Thursday, July 10, 2008

*from Steph* baseball and table tennis- who woulda thought...

So, like I mentioned earlier, baseball and table tennis have, surprisingly, A LOT in common. Table tennis involves much of the same mentality and strategy used in baseball, but it's all compounded into the mind of one player instead of 9. In other words, table tennis players are the batters and fielders and the pitcher all at the same time. There are MANY parallels I could draw between the two sports, but for right now, I'll just focus on the most obvious one: pitching/batting and serving/receiving.

Ok, so a pitcher has a bunch of pitches he can choose, each with its own characteristics, including spin, grip, and velocity. Some common examples are the fastball, the change-up, the slider, the curveball, and the knuckleball (which is thrown literally with your knuckles and "dances" and floats in the air). There are endless variations to pitches in terms of grip, timing, wind-up, velocity, and degrees of spin. In table tennis, the serves share exactly the same concept, with an infinite number of possibilities in spin, speed, point of contact between ball and racket, toss, motion, and timing. In general, serves can be categorized as topspin, backspin, side-spin, or no-spin.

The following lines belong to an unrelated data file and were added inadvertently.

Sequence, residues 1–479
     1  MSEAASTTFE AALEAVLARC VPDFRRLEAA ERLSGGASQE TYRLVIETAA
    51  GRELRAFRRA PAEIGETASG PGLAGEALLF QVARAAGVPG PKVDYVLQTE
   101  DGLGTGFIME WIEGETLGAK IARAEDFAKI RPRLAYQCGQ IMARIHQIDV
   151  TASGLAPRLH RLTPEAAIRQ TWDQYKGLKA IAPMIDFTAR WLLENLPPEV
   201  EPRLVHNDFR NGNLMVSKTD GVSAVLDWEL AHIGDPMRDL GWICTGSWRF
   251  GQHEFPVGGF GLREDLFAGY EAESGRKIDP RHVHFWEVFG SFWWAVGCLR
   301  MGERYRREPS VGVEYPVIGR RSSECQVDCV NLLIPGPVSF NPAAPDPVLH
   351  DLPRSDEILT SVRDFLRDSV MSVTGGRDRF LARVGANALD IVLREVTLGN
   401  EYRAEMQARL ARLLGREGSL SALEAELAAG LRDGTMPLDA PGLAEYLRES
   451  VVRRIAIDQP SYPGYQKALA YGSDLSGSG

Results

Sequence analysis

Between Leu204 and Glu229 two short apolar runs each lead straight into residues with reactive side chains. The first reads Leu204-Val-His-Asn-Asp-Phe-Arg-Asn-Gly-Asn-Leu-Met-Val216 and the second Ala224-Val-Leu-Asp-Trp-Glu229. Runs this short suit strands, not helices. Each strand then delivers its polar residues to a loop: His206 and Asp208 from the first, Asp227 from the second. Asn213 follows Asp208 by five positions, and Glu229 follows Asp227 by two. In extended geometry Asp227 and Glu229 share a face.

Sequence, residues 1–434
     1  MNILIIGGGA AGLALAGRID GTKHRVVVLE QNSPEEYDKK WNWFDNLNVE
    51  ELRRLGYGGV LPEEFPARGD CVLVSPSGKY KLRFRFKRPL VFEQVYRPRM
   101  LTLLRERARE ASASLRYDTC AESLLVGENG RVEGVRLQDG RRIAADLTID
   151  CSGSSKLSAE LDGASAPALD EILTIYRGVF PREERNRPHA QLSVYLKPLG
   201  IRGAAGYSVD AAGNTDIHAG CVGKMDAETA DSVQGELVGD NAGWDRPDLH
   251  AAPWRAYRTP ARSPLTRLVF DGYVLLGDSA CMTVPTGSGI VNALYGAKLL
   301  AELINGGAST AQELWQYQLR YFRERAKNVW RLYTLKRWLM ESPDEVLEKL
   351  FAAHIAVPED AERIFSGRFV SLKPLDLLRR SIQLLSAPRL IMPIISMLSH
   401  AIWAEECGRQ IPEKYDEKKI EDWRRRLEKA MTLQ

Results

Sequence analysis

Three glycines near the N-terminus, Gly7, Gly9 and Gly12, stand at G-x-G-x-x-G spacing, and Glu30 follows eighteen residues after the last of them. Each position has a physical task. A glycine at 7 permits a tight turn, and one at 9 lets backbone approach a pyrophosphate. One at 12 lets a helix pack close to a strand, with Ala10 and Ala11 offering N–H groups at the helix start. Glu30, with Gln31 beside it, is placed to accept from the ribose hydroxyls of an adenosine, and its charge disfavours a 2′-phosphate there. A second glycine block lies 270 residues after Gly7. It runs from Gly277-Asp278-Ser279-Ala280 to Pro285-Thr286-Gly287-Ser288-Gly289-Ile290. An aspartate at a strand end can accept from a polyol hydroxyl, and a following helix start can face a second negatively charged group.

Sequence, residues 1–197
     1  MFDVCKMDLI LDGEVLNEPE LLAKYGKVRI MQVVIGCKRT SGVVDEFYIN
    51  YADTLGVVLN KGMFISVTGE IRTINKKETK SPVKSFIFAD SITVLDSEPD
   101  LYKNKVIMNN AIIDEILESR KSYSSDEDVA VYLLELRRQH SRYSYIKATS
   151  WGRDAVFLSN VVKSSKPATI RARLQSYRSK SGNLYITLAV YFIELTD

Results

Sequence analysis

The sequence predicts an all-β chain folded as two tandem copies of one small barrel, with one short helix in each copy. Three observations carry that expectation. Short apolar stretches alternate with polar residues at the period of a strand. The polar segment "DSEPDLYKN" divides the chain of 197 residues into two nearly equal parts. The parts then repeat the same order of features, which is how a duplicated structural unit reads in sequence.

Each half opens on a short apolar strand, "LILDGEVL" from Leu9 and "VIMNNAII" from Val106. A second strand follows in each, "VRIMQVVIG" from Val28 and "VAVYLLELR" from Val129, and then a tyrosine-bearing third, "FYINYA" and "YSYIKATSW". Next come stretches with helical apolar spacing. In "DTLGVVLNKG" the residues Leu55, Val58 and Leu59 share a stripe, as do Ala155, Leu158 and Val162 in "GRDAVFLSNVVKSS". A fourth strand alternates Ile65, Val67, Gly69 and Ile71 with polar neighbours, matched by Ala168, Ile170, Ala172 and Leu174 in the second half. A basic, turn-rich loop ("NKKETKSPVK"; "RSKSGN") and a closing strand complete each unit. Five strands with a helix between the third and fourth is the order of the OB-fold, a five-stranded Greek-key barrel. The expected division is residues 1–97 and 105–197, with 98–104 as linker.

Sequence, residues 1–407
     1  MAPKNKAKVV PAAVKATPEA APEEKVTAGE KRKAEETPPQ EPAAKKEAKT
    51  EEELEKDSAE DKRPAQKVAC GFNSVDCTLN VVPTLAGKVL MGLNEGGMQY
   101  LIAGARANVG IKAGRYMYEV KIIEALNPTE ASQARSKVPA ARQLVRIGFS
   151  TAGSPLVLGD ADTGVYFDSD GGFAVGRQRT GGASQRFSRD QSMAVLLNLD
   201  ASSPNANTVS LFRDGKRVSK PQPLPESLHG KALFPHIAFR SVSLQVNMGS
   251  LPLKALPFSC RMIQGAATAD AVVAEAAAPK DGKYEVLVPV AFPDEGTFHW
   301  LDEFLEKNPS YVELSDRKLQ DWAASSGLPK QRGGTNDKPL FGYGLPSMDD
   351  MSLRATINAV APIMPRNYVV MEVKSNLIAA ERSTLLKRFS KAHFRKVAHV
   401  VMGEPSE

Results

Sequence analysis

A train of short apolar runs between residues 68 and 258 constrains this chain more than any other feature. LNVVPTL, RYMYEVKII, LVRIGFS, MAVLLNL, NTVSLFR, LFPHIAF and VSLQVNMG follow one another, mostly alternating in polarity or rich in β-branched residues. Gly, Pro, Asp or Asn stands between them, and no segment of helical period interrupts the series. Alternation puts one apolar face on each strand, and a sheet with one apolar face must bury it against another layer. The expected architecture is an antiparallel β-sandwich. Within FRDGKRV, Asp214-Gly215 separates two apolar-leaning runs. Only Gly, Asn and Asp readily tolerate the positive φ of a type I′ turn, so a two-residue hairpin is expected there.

The most important thing pitches and serves have in common is their extreme importance in their respective sports. Anyone in baseball will tell you that to win games, it all starts with pitching. Good pitching will trump good hitting any day, because if you can hold the opposing team to even 3 runs a game on a consistent basis, not only does your team always have a chance to win, but your opponents' batters feel the pressure before the game even begins. Well, serves in table tennis are exactly the same: if you have great serves, you are always in control of the game, put enormous amounts of pressure on your opponent, and you'll be able to wiggle your way out of very close games. It's real simple. It goes like this: if your batters are constantly striking out and never even making it to first base, how many runs do you need to score to win? Just one. If you are constantly getting aces, winning points straight off your serve, or your serves are so good that they set you up for a winner (and keep in mind you serve every two points in an 11 point game), how many [essentially] freebie points do you get? Over half the game.